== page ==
Volkswagen’s US sales plummet 25% over cheating scandal
German carmaker, Volkswagen, says its sales in US market have fallen 25 percent last month after it suspended selling diesel in the United States due to an emissions cheating scandal.
According to announcement on Tuesday, the company froze sales of diesel car models in the United States on November 4 after new accusations were leveled against it about the use of software that cheats on emissions tests, AFP reported.
According to company officials, the suspension affects about 20 percent of its typical sales but appears to have also impacted non-diesel models.
Volkswagen’s total sales fell to 23,882 units in November, down by nearly 8,000 vehicles compared to a year ago.
The automaker sold 5,462 TDI diesel vehicles in November 2014, the company’s spokeswoman told AFP.
“Volkswagen was lucky to hold its own in the months immediately following the revelation of the emissions problems, but its luck on sales ran out in November,” said Michelle Krebs, senior analyst for Autotrader, who added, “Volkswagen will take a long time to dig out from under this, but the very first step needs to be a clear and comprehensive plan for fixing it, and that does not appear to be forthcoming soon.”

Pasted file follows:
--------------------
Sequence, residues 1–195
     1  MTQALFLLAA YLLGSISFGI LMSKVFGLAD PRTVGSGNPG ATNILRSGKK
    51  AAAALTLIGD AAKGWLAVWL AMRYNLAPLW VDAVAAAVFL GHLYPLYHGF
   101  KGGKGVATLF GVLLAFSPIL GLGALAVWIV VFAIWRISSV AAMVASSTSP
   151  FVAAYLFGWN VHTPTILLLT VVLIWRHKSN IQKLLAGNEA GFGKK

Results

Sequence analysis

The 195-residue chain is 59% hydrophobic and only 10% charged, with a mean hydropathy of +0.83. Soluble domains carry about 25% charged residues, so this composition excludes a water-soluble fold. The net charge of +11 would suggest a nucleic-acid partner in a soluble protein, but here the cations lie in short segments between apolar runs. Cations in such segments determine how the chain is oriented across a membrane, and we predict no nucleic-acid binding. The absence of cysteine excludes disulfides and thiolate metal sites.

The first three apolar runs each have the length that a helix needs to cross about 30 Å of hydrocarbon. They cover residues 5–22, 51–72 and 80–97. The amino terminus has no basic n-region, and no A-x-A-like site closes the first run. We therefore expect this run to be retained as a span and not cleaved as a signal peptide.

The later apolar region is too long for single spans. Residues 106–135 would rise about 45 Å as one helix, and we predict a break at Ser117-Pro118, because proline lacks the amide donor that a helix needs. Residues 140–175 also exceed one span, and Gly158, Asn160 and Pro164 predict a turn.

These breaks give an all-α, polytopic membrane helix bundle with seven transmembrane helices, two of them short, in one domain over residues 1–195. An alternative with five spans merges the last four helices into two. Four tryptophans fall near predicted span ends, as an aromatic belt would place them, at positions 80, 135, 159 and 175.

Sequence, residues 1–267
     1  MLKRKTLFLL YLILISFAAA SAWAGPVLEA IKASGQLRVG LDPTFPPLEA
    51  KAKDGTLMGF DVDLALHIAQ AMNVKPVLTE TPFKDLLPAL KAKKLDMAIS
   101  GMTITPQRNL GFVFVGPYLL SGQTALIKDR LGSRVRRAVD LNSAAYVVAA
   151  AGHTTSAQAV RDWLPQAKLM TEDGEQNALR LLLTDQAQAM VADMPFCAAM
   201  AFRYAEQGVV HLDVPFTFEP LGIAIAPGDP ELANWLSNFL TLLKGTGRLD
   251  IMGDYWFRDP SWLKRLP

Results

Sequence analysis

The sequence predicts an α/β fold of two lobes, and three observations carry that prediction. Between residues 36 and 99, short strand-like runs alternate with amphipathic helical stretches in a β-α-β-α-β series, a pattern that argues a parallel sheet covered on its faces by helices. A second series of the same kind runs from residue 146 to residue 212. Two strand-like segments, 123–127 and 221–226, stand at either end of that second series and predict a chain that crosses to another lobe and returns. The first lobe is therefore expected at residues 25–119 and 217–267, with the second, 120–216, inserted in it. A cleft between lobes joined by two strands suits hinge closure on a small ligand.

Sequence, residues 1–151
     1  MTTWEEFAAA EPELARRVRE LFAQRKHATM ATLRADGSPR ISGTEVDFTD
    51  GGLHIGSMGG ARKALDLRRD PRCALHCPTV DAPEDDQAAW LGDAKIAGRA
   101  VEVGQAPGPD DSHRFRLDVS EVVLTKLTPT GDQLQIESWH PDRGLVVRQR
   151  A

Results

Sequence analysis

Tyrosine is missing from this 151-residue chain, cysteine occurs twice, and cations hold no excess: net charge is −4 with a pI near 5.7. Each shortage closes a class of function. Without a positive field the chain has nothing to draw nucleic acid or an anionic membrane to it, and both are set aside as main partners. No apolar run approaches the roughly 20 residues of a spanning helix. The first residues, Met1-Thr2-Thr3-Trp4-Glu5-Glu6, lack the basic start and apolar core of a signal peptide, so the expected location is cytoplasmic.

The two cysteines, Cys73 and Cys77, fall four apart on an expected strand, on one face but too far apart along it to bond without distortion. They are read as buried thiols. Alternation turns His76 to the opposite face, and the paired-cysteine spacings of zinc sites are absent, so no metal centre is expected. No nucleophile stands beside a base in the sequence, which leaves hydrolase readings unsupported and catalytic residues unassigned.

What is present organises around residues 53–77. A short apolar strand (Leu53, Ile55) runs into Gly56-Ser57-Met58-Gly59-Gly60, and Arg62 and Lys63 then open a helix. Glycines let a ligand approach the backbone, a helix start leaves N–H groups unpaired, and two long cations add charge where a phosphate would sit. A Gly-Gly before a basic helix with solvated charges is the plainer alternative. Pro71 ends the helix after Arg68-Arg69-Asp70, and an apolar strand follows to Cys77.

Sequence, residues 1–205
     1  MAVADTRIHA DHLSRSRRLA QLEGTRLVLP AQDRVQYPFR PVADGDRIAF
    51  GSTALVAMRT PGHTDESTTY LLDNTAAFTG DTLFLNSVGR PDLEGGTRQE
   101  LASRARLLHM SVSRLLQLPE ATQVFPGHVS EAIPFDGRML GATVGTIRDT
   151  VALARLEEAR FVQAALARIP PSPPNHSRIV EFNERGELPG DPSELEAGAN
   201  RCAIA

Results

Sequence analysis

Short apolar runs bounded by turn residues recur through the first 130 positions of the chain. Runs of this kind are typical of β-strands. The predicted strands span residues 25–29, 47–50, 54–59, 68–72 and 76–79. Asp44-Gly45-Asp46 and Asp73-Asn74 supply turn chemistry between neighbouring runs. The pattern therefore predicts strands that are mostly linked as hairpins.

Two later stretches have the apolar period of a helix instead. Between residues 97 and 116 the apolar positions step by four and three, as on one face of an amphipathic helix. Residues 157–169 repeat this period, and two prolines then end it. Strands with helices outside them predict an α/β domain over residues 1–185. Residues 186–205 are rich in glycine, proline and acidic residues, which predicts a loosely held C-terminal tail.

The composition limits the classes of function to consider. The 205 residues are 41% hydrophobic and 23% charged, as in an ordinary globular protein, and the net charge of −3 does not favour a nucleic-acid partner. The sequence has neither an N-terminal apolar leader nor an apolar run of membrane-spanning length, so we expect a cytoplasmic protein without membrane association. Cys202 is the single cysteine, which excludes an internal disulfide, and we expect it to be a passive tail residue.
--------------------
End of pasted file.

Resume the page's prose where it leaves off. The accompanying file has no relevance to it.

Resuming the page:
Volkswagen has been engulfed in scandal since September.
The group, previously regarded as a paragon of German industry, revealed in late September that 11 million of its diesel cars worldwide were equipped with devices that can cheat pollution tests. The revelation rapidly snowballed into a scandal, which wiped a third off the company’s market capitalization in just two days.
The trigger to the company’s market woes came when it was revealed by the US Environmental Protection Agency that VW rigged nearly half a million cars to pass US smog tests.
The company told US regulators that it intentionally installed software programmed to switch engines to a cleaner mode during official emissions testing. The software then switches off again, enabling cars to drive more powerfully on the road while emitting as much as 40 times the legal pollution limit.
US officials say similar software is on the company’s larger 3.0 liter diesel engines, used in Volkswagens, Audis and Porsche SUVs.
The world’s number-two automaker faces regulatory and criminal investigations in several countries, including Germany and the United States, and potentially billions of dollars in fines.
“Volkswagen is working tirelessly on an approved remedy for the affected TDI vehicles,” Mark McNabb, chief operating officer, Volkswagen of America, said in a statement, adding, “During this time we would like to thank our dealers and customers for their continued patience and loyalty.”
The scandal has continued to widen, with the German automaker subsequently revealing that it had understated carbon dioxide emissions, including those for gasoline engines, for up to 800,000 vehicles.